She was fourth.

The bronze medalist had beaten her by 0.7 seconds! Theresa was devastated. She’d come so close. She’d given up so much of her life for this moment. And now, she felt like she’d let everyone down—from her coaches to her parents to the people of Singapore.

Theresa just wanted to be done with swimming. She went home and tore down the notes of encouragement and inspiration she had hanging by her bed. For nine months, she refused to go near a pool. She tried to pick up other sports, or busy herself with activities. 

Still, somewhere deep inside her, Theresa heard a voice growing louder:

I’m not done yet.

She needed to go back to the water. She knew the story of her life as a swimmer was incomplete. 

So, she put on her swimsuit and headed back to the pool.  The water lifted her up and made her feel invincible again. And that’s when she realized the answer: She had to rediscover her love of swimming. 

Not to win. Not to prove anything. Just to have fun.

Theresa went back to training. This time, she made sure her schedule was lighter, building in time to rest and enjoy her family and friends. She started competing again, but with a new mindset. She wanted to rediscover swimming and celebrate all that her body could do. She didn’t need to be the best. She just needed to appreciate where and who she was. 

In 2016, Theresa made it back to the Paralympic Games — this time in Rio, Brazil.

On the day of her big race—the 100m breaststroke—she was getting ready in the changing rooms. Nearby was another Paralympian who had swam faster than Theresa back in Beijing.

Theresa’s rival leaned in and said, “This is your time.” Theresa was surprised, and flattered. And ready to prove her right.

Moments later, Theresa was at the side of the pool, waiting for the signal to start. In the stands were her parents, friends, coaches and trainers, cheering her on.

Take your markBEEP.

Theresa launched herself off the wall. She couldn’t think about her opponents. She couldn’t think about her time. She just had to become one with the water, carving out her path with every stroke. Her muscles burned as she zoomed forward, her breath fast but steady. Finally, she stretched out her fingers and touched the wall.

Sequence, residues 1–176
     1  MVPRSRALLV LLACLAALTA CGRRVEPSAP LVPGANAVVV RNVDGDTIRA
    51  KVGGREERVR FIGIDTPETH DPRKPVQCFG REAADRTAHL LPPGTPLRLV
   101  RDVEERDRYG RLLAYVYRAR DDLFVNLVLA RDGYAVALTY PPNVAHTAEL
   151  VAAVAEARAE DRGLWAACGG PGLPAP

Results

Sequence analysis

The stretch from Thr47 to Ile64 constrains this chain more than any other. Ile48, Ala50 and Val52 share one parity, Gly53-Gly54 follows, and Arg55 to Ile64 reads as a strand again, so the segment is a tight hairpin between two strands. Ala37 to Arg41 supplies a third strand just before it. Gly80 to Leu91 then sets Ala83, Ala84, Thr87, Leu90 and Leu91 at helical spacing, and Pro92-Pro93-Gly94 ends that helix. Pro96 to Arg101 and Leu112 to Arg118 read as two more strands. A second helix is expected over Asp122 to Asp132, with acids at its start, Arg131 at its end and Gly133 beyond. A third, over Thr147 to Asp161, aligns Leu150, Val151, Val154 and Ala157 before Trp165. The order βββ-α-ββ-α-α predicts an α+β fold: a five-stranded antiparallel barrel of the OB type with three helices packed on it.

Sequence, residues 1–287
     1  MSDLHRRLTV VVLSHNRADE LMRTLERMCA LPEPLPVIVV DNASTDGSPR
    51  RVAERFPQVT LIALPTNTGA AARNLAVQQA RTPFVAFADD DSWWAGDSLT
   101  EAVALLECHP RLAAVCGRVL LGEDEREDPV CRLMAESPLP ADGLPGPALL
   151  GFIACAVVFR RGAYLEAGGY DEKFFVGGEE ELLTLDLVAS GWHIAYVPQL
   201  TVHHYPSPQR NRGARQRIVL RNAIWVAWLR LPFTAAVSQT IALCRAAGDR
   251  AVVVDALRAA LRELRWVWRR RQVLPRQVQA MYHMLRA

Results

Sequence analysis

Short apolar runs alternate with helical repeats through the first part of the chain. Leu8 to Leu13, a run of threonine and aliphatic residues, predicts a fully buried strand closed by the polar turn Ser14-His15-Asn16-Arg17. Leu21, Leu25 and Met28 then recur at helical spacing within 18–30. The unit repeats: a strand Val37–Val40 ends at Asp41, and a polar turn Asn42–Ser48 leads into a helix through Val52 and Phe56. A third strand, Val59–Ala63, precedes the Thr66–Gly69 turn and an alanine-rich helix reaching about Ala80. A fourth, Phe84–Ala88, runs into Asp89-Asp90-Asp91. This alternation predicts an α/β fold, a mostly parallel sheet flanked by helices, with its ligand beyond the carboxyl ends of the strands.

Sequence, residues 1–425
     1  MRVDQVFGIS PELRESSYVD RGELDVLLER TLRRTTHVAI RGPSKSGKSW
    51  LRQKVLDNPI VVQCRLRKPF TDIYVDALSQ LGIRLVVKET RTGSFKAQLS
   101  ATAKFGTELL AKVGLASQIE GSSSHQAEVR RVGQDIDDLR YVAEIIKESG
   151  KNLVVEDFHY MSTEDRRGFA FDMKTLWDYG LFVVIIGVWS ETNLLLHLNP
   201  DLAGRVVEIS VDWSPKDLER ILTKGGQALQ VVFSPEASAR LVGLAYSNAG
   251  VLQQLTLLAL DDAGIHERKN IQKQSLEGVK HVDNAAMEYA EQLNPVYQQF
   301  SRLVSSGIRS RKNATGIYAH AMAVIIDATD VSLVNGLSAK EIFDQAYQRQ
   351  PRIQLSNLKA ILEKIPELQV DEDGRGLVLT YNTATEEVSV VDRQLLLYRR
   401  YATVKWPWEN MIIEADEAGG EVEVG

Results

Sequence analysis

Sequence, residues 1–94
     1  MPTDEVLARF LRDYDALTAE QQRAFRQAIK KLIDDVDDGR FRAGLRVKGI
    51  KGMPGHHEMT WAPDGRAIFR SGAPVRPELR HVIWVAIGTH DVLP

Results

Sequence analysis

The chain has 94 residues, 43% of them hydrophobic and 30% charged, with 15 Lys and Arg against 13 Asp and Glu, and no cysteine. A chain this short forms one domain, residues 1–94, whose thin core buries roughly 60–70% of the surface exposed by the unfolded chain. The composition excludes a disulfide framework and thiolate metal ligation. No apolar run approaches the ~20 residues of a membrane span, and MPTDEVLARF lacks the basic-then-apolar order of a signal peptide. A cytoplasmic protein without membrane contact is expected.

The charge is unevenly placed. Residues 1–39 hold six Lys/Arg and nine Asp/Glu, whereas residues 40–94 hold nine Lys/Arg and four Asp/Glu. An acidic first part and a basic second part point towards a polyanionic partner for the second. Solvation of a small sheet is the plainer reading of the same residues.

She pulled off her goggles and looked up at the scoreboard, her eyes filling with tears.

She did it! After 17 years of competitive swimming, Theresa won a bronze medal at the Paralympic Games. 

Since her win in Rio in 2016, Theresa has continued to push through many uncharted waters. 

In 2017, she publicly came out as queer in Singapore’s major newspapers — she was Singapore’s first nationally known athlete to ever do so. She’s also become a major advocate for disabled people and for the LGBTQIA+ community. She’s committed to making this world a more inclusive and supportive place.

And even though she retired from competing in 2019, Theresa still has inspiring quotes and phrases that she loves to repeat for motivation.

She encourages everyone to embrace these words too. They are: “Be Kind, Be Brave, and Be Yourself.”


This podcast is a production of Rebel Girls. It’s based on the book series Good Night Stories for Rebel Girls.

This episode was narrated by ME, Vera Tan. It was produced and directed by Deborah Goldstein with sound design and mixing by Reel Audiobooks. It was written by Alexis Stratton and edited by Abby Sher. Fact checking by Joe Rhatigan. Our executive producers are Jes Wolfe and Joy Smith.

Original theme music was composed and performed by Elettra Bargiacchi.

A special thanks to the whole Rebel Girls team, who make this podcast possible!

Until next time, staaaay rebel!